The video images may be tiny, grainy, dark and fleeting, but many looking at them see something glorious: evidence that at least one ivory-billed woodpecker--an 18- to 20-inch-tall bird with a wingspan of some 30 inches, last seen in the U.S. in 1944--is alive in the bottomland forest of eastern Arkansas. After a year of traipsing and canoeing through the Big Woods and its bayous, many inconclusive recordings of ivory-bill-like calls, seven good sightings and one fortuitous videotaping, scientists and conservationists announced in April that the bird was not extinct after all.
If the discovery holds up, the ivory-billed woodpecker will not be the only U.S. species recently returned from oblivion. In May, just a few days after the ivory-bill news, the Nature Conservancy announced the discovery in Alabama of three snails listed as extinct. A few weeks later, botanists at the University of California at Berkeley reported finding the Mount Diablo buckwheat, a tiny pink-flowered plant that had not been seen since 1936. At least 24 species of other presumed or possibly extinct plants, insects and other organisms have been found during natural heritage surveys in North America since 1974, according to Mark Schaefer, president of NatureServe, a nonprofit conservation group based in Arlington, Va. There are examples from elsewhere as well. The Bavarian pine vole, last seen in 1962, scurried back into view in 2000. The New Zealand storm petrel and the Lord Howe Island stick insect are among the other species no longer missing.
With so many "extinct" creatures reappearing, it is reasonable to wonder if the word has lost its meaning--something Ross MacPhee, curator of mammalogy at the American Museum of Natural History, has been outspoken about. He worries that complacency may set in (if it hasn't already), because many species that people read or hear about are described as either on the verge of extinction, already extinct or formerly extinct. He cites the example of Miss Waldron's red colobus monkey, extinct in 2000, alive in 2004. "The average person has been barraged with the same story over and over again," he says. "People are using the term indiscriminately."
To counteract this trend, MacPhee and his colleagues formed the Committee on Recently Extinct Organisms in the late 1990s, devising criteria to determine extinction reliably--including rigorous taxonomic identification and a 50-year waiting period before declaring something extinct, an idea first put forth by the Convention on International Trade in Endangered Species.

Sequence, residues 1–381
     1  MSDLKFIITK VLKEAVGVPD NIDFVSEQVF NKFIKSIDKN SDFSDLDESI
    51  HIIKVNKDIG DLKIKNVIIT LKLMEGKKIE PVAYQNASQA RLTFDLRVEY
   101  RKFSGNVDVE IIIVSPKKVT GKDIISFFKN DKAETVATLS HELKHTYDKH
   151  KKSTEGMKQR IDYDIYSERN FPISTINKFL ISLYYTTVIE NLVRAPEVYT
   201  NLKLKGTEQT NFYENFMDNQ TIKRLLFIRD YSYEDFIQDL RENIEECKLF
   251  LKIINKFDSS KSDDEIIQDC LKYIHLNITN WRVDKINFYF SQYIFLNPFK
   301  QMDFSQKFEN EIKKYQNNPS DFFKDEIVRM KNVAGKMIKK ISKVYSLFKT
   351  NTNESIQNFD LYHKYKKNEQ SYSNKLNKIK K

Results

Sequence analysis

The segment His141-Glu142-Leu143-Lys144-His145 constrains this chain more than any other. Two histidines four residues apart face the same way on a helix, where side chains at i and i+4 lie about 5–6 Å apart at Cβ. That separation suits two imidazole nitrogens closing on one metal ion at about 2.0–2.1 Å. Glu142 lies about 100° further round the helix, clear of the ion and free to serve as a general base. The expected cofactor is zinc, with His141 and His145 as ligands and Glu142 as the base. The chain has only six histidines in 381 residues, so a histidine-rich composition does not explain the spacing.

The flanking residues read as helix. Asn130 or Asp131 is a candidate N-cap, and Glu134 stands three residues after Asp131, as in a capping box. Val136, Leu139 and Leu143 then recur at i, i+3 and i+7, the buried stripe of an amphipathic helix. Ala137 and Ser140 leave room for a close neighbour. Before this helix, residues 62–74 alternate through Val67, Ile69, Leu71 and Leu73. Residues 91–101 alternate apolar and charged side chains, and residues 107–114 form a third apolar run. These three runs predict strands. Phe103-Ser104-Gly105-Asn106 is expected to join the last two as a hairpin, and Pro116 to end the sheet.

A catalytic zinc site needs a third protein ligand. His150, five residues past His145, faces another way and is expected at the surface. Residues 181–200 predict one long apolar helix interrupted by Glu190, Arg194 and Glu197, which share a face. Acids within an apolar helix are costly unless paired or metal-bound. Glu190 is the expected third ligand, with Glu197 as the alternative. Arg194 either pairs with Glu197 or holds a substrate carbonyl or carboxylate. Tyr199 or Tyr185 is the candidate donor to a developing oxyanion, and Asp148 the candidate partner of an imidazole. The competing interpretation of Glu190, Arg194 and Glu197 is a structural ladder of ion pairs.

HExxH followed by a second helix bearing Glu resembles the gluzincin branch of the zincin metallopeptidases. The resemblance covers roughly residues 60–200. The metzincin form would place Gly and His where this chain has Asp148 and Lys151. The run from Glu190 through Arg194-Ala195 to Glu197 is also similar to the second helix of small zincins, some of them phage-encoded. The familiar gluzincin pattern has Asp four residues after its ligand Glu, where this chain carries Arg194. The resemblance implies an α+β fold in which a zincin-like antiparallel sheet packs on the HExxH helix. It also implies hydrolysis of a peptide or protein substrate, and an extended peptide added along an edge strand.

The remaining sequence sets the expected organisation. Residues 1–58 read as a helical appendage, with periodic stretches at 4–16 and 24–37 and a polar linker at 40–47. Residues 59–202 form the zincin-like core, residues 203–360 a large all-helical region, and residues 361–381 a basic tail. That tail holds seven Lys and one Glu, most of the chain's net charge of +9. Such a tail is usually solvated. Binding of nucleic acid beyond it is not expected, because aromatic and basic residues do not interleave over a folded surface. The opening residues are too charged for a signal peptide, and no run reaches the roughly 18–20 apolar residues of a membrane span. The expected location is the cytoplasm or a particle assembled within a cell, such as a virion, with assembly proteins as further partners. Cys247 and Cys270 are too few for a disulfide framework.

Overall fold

Schaefer and John W. Fitzpatrick of Cornell University, lead author of the ivory-billed woodpecker report, agree that "extinction" should be applied more carefully. "The word 'extinct' is an absolute term, like pregnant or dead," Fitzpatrick remarks, "so we need to describe the probability of that being true." In cases such as the passenger pigeon, which has not been seen by anybody for nearly a century, "we treat it as formally extinct," he notes. For many plants and small vertebrates, "we suspect extinction, but they may still be hiding in some spots. That was the case for the ivory bill." Schaefer says that his organization has a letter scheme to describe species as GX (presumed extinct) or GH (possibly extinct) and then uses several other classifications, such as G1 (critically imperiled)--ranks also used by various federal agencies.
For now, the ivory-billed woodpecker seems to have been successfully upgraded. But "speaking probabilistically, this bird has a very, very slim chance of persisting," Fitzpatrick points out. "The key lies in growing back the old forest. That is exactly what this bird needed. Unlike in other cases of extreme endangerment, like Hawaii, the ivory bill is a case in which the natural habitat of the bird is getting progressively better. And I would add that even if the ivory bill fails, we should accelerate the process."